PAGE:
In January of 2006, retired Israeli Defense Forces Colonel Yair Klein was invited to Liberia by Simon Rosenblum, an Israeli businessman formerly based in Abdijan, Ivory Coast. During Taylor’s reign, Rosenblum was a member of his inner circle. He carried a Liberian diplomatic passport, owned logging and road constructions interests in Liberia and his trucks were used to carry weapons from Liberia to the border with Sierra Leone. Klein arrived in Liberia after Taylor had been deposed, but when his presence became known he was forced to flee the country, and with good reason. From 1996 until 1999, Klein provided material and training to Liberia’s Anti-Terrorism Unit and, in violation of the UN embargo, to the RUF as part of a diamonds-for-arms operation. In January of 1999 Klein was arrested in Sierra Leone on charges of smuggling arms to the RUF. Those transactions went through Bah, the “gatekeeper” for such dealings in the RUF-controlled territory as well as being an Al Qaeda businessman.
Klein’s Anti-Terrorism Unit, a group widely criticized for gross abuses of human rights, was headed by “Chuckie” Taylor, the president’s son, but Klein and Rosenblum weren’t the only Israelis involved with the Taylors and Bah. Along with the $500,000 worth of diamonds in his possession, in a briefcase searched upon his August, 2000 arrest in Italy, Leonid Minin, a Ukrainian-born Israeli member of the “Odessa Mafia,” was found to be in possession of correspondence detailing his sale to the Liberian government of millions of dollars worth of arms in exchange for diamonds and timber concessions. Minin had extensive dealings with Bah, but perhaps the most interesting item found in Minin’s briefcase was that End-Use-Certificate for 113 tons of ammunition and arms that exactly matched the End-Use-Certificate found in the apartment of Hezbollah operative Samih Ossailly.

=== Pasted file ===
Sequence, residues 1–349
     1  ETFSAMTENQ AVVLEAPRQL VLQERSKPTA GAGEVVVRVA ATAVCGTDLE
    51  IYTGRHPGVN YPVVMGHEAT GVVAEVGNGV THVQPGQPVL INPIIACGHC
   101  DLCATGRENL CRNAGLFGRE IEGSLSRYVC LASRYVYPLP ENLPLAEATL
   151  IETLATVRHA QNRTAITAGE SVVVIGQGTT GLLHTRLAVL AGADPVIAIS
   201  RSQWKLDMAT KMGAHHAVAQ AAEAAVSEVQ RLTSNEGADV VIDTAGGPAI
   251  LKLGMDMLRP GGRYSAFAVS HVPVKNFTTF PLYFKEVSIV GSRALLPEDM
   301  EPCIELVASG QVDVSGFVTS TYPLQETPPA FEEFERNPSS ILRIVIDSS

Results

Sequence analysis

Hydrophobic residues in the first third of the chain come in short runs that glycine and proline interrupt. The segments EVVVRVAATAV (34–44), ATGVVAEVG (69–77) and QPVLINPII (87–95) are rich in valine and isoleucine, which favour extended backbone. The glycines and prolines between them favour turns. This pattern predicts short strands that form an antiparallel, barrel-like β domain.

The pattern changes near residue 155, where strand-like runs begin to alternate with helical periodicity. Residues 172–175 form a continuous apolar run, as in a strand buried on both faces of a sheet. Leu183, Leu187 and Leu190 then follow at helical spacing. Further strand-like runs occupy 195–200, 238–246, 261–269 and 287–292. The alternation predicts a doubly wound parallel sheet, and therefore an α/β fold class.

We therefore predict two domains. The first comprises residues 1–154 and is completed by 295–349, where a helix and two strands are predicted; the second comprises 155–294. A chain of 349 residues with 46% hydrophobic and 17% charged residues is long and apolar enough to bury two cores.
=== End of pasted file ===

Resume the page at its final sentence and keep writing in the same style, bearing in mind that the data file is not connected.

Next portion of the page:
Hezbollah has a long history of diamond trading in Sierra Leone, Liberia and other West African countries. Samih Ossailly and Aziz Nassour, Hezbollah operatives who also provided services for Al Qaeda diamond merchants, stand out in particular as traders. When Al Qaeda approached Bah for an “in” to diamond trading in Liberia and Sierra Leone, Bah went to Nassour for help.